From the first creeping, whimsical note of Anton Karas’ infamously seductive zither soundtrack, The Third Man announces itself as a quaint and curious masterpiece of British cinema. The quintessentially English narrator provides a brief vignette of post-war Vienna, delivered in a haughty and jarringly buoyant tone that will prove stranger still as we embark on a cryptic journey through the slippery streets of Vienna. For our hero, Holly Martins, ancient ideas about good and evil seem about as distant and uncertain as the identity of his enigmatic ‘Third Man’.
Though it is commonly categorized as Film Noir or British Noir, The Third Man is not quite composed of the same pulpy ingredients as its Hollywood influences. Our femme fatale is no malevolent spider-woman, our detective hero constantly out of his depth, and the forces of law and order no less bewildered and ineffective. Where The Third Man remains fundamentally film Noir, however, is in its evocative and striking visual character: Graham Greene’s tense and enigmatic picture of post-war alienation is brought vividly to life by the skewed and suspicious eye of the camera, searching desperately down Vienna’s dark alleyways and through the rubble of its bombed-out buildings. The film’s conclusion, although unforgettable in terms of visual splendour, remains painfully uncompromising and powerful – aching with uncertainty and the betrayal of our expectations.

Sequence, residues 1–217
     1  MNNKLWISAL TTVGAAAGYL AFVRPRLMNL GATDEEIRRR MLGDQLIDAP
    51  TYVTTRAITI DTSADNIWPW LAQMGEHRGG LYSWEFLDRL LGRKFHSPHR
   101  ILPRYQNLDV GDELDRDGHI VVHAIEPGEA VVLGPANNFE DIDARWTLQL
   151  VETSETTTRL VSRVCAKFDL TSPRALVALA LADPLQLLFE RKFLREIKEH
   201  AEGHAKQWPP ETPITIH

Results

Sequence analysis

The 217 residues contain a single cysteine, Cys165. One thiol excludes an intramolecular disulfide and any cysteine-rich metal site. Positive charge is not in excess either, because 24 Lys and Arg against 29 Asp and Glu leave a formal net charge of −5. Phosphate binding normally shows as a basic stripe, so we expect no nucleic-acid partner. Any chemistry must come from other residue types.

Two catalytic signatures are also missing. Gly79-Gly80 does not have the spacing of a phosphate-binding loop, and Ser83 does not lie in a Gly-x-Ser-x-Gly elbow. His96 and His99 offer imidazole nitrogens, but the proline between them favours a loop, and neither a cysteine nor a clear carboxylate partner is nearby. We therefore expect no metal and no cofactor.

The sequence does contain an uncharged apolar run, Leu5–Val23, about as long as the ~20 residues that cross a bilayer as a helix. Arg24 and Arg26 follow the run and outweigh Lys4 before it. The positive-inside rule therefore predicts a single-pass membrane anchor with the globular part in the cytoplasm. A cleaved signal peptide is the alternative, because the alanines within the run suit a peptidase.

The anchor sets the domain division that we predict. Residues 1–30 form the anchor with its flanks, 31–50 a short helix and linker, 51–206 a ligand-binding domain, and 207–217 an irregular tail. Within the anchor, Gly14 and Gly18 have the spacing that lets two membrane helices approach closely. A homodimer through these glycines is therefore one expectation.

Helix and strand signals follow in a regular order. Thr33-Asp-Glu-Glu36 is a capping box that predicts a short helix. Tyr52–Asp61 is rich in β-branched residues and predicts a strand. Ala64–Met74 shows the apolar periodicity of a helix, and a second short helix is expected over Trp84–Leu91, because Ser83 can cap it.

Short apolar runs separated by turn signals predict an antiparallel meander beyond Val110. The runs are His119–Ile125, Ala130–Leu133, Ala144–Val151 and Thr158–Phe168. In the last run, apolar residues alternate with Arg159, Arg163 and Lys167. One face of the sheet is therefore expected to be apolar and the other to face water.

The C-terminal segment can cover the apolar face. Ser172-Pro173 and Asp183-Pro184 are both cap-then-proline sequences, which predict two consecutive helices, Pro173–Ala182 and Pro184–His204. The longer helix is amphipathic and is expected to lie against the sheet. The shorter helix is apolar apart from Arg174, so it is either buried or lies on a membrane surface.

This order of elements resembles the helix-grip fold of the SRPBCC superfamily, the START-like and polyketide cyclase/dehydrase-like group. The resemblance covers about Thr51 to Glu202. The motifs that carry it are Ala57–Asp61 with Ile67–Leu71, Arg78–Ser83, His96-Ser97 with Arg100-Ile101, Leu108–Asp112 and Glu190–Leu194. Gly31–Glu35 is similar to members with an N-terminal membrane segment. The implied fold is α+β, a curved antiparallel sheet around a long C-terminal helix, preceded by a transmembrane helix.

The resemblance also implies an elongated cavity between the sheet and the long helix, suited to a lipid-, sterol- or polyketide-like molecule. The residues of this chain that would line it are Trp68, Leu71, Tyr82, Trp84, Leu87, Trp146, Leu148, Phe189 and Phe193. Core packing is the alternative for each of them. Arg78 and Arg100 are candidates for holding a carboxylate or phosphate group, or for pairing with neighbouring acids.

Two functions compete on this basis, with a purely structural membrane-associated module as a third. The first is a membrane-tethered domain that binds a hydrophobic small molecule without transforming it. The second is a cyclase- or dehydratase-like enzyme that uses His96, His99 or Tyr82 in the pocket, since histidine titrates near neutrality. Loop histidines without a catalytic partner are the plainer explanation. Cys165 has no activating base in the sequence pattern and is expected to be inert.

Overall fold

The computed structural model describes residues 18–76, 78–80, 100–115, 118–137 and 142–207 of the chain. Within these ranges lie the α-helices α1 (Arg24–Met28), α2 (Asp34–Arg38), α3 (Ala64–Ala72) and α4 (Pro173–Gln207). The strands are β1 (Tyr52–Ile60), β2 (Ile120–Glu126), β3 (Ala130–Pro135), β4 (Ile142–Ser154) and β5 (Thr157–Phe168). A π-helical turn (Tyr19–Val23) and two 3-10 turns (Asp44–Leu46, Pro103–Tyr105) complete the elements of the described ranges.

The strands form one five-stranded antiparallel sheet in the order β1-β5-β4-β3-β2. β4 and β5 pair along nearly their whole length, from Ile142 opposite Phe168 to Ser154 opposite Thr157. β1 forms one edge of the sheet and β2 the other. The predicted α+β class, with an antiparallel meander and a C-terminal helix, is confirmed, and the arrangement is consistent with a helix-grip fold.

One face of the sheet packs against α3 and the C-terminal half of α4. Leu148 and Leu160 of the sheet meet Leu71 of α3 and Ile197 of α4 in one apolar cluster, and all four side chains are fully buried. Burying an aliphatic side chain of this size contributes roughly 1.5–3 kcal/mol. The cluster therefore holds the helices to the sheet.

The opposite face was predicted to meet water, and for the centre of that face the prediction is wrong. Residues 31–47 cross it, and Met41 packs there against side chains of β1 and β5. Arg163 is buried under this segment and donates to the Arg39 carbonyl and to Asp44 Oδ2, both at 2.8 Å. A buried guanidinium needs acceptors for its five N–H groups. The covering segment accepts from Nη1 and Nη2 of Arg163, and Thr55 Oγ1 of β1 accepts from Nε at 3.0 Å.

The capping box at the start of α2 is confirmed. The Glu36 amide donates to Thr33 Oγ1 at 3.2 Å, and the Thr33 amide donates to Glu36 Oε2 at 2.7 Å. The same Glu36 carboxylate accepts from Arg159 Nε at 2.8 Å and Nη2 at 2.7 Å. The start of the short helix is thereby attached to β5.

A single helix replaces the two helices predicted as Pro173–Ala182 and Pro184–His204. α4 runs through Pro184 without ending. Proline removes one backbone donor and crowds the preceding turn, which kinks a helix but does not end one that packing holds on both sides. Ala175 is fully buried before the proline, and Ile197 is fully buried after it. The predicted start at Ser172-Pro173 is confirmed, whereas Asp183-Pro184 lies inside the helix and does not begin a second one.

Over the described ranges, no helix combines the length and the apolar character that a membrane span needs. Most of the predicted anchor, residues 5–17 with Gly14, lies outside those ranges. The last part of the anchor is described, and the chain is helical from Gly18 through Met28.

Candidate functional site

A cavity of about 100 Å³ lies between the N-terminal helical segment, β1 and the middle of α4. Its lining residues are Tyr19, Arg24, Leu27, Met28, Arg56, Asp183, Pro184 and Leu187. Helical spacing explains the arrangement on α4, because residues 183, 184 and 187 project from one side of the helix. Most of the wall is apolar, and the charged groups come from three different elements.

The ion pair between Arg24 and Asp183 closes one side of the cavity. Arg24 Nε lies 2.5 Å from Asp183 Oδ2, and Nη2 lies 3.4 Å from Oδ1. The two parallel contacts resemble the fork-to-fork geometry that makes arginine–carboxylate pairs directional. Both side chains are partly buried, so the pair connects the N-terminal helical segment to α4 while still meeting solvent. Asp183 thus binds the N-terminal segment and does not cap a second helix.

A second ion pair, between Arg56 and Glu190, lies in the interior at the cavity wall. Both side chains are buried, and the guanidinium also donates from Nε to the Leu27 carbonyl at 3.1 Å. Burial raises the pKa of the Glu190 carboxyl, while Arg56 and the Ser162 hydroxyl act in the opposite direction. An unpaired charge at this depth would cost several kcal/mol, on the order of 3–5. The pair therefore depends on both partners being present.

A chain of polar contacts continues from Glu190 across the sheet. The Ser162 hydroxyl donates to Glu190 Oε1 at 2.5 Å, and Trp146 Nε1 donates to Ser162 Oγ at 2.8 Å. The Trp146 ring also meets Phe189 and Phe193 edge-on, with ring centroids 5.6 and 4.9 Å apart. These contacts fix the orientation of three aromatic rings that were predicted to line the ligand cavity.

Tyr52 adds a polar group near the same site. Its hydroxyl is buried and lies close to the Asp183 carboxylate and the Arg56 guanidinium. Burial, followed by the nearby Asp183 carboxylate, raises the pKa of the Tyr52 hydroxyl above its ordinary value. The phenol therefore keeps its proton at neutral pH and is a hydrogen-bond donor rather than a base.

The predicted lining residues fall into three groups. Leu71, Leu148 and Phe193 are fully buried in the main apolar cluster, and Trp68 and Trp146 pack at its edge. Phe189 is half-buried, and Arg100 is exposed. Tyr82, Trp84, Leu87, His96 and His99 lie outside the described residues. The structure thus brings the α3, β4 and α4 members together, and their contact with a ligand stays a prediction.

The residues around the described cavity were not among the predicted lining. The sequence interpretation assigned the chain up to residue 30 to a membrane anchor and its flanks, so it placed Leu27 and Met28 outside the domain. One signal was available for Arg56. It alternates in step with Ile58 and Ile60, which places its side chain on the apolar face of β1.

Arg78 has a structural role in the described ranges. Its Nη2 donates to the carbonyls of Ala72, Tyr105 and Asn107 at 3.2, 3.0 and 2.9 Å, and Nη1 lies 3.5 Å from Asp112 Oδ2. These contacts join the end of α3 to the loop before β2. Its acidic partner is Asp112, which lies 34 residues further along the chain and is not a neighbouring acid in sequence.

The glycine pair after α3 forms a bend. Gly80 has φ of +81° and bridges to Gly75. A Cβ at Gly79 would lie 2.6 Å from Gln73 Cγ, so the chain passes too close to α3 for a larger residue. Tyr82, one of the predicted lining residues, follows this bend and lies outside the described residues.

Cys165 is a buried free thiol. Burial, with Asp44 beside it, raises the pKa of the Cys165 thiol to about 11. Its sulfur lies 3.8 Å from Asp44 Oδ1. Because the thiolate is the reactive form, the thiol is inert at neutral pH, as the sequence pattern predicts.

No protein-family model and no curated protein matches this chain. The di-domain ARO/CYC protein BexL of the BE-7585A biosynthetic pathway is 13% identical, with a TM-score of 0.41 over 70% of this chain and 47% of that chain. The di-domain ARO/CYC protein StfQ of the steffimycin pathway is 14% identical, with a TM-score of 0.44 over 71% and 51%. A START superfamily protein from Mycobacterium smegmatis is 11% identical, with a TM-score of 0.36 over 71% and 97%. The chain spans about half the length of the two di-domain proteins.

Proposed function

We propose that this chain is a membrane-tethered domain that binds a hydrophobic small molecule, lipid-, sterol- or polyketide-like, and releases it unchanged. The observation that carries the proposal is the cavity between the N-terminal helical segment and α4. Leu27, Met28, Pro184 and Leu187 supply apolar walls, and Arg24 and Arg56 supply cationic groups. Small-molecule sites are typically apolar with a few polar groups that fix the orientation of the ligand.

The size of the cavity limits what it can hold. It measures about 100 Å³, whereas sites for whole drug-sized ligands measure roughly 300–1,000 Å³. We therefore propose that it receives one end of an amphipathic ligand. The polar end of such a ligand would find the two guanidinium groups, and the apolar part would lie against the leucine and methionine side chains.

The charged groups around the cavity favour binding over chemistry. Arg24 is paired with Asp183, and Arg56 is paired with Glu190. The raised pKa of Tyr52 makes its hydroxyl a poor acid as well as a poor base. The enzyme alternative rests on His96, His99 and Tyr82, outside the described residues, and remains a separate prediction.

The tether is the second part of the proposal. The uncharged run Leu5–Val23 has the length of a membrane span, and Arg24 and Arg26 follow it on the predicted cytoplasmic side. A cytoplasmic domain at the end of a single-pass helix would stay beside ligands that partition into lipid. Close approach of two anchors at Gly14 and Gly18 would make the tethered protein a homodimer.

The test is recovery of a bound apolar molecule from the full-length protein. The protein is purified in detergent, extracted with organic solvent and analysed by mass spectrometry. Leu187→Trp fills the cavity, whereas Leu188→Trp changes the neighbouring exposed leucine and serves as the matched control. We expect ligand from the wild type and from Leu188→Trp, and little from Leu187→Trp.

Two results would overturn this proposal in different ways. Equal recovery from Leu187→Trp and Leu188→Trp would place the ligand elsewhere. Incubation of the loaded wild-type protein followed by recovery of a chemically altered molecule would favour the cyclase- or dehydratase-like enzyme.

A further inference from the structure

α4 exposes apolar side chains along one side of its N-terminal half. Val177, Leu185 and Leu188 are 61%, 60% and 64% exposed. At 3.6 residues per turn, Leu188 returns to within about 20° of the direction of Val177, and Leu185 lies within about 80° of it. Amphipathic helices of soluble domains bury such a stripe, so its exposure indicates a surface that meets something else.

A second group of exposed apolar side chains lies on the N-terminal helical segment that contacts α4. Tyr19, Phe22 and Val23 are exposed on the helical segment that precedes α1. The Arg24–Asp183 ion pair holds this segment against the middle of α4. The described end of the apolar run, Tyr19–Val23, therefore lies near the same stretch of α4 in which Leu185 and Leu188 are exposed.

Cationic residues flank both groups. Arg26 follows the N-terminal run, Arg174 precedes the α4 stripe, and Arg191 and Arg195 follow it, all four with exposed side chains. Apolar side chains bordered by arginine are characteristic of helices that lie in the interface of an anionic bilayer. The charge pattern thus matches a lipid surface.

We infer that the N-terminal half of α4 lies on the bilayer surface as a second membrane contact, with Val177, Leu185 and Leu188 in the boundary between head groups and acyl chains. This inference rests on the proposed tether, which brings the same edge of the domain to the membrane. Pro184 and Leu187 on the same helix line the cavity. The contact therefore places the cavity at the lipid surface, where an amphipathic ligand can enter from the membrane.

Though the film has moments of masterful tension and sporadic comedy, they are sparsely measured and subordinate to the moral intrigue that skirts the plot’s shadowy surfaces, culminating in perhaps the most notorious (certainly the most incredible) examples of ad-libbing in cinema – the ‘cuckoo clock speech’. Joseph Cotten’s tipsy everyman Holly may be our nearest anchor within this ominous and mystifying reality; his simple yet wholesome pathos sets him apart from the detective-hero role he seems fundamentally incapable of playing. He is, however, no match for the stark, seductive magnetism of Harry Lime – however many ‘dots’ he is willing to expend for profit. Orson Welles’ contribution to the Third Man is remarkably small, appearing well over halfway through the film, yet the film’s definitive cinematic moment – the fairground sequence (an apex of philosophical proportions) owes itself entirely to Welles’ majestic screen presence and absence – who else could talk about death with such charming callousness?
However, the fact that The Third Man remains so impressive to this day is more than merely a testament to the towering presence of Orson Welles or even the quaint Englishness of Graham Greene’s screenplay. In fact, Welles’ entrance – a moment of quiet spectacle – would be nothing without Anton Karas’ zither score. Its unremitting jaunt, threatening to overshadow the murkier depths of the narrative, is as present as any leading character, intensifying the atmosphere of bewilderment – though it’s catchiness is impossible to escape. It may well be that it is this precise conflict between the brooding undertones of murder, conspiracy, and alienation with the zither’s quaint and addictive exuberance that cements the Third Man as a mystifying, atmospheric and terribly English post-war masterpiece.